I’ve leveraged this unique insight to effectively implement successful programs that balance sustainability with consumer and financial targets, empowering companies’ supply chain and purchasing teams to adopt innovative new packaging models and thereby easing the shift to the new circular economy.
Today, I serve as the Chief Executive Officer of Returnity Innovations, the pioneer in the elimination of single use shipping packaging that reduces packaging expenses and provides a financial return, improved user experience, reduction of workplace injuries and significant reductions in resource consumption. We accomplish this by creating innovative alternatives to cardboard boxes and poly bags - recyclable, light yet durable, reusable bags and boxes. As CEO, I build and manage cross-functional teams to execute the design, manufacturing, and implementation of these reusable solutions while also focusing on significant business opportunities and developing mutually beneficial partnerships. We will replace the use of over 1 million cardboard boxes and poly mailer bags with reusable packaging in 2019 and 10 million+ in 2020.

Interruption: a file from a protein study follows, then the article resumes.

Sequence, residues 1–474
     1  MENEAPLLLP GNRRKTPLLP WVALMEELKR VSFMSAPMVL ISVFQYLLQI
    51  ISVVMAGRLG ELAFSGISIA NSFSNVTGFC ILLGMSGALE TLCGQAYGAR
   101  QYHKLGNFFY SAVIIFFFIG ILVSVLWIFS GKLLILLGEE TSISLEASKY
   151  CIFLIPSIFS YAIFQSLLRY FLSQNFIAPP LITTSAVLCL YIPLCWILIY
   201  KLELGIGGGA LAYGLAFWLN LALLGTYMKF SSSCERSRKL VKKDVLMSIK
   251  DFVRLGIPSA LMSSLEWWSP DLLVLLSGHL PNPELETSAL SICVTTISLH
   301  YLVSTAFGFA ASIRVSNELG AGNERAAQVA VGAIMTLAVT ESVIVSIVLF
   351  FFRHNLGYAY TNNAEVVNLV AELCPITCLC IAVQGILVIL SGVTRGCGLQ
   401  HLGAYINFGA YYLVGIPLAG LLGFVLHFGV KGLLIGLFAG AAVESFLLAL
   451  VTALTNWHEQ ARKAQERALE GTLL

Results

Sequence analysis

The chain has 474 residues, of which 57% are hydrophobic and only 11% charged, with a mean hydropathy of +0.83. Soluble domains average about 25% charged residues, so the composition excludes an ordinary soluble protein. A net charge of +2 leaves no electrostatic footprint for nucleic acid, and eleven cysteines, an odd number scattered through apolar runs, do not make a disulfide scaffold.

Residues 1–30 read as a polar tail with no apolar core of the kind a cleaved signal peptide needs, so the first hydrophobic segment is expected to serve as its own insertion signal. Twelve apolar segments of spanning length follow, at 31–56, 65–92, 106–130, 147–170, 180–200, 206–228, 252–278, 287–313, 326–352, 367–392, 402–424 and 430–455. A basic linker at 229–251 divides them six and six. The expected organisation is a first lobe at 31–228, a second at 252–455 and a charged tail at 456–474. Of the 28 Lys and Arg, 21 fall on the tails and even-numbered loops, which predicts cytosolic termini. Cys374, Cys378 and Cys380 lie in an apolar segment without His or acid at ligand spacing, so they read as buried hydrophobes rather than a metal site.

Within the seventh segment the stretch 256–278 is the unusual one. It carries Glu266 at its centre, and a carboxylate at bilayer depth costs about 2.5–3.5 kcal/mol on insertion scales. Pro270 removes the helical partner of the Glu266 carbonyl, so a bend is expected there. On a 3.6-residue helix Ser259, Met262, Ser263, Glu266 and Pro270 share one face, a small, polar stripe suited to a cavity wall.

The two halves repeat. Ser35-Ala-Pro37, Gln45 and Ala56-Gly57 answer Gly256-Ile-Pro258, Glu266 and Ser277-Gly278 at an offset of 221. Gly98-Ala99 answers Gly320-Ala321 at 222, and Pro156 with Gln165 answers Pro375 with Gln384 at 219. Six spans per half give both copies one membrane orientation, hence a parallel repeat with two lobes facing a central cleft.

How did you get into the industry?
In my 30’s it became clear to me that my family legacy combines both entrepreneurship and, oddly enough, waste management; My paternal grandfather owned a scrap yard, my maternal grandfather owned a plumbing business, and my father built a company that became the largest mobile phone recycling business in the world. That legacy seems to have given me insight on a cellular-level that makes me uniquely qualified to face the specific challenges and momentous opportunities that Returnity is addressing.